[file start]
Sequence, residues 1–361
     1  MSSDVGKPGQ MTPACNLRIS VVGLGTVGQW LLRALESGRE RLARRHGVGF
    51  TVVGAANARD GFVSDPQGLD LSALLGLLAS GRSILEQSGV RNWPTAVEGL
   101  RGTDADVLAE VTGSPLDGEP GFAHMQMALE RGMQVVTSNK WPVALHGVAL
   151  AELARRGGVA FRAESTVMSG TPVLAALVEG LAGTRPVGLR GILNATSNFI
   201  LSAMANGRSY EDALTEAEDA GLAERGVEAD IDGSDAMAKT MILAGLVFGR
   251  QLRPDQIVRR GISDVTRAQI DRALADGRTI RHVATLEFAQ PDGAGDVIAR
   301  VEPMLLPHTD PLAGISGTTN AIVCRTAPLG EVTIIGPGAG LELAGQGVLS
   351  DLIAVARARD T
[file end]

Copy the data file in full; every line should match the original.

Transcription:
Sequence, residues 1–361
     1  MSSDVGKPGQ MTPACNLRIS VVGLGTVGQW LLRALESGRE RLARRHGVGF
    51  TVVGAANARD GFVSDPQGLD LSALLGLLAS GRSILEQSGV RNWPTAVEGL
   101  RGTDADVLAE VTGSPLDGEP GFAHMQMALE RGMQVVTSNK WPVALHGVAL
   151  AELARRGGVA FRAESTVMSG TPVLAALVEG LAGTRPVGLR GILNATSNFI
   201  LSAMANGRSY EDALTEAEDA GLAERGVEAD IDGSDAMAKT MILAGLVFGR
   251  QLRPDQIVRR GISDVTRAQI DRALADGRTI RHVATLEFAQ PDGAGDVIAR
   301  VEPMLLPHTD PLAGISGTTN AIVCRTAPLG EVTIIGPGAG LELAGQGVLS
   351  DLIAVARARD T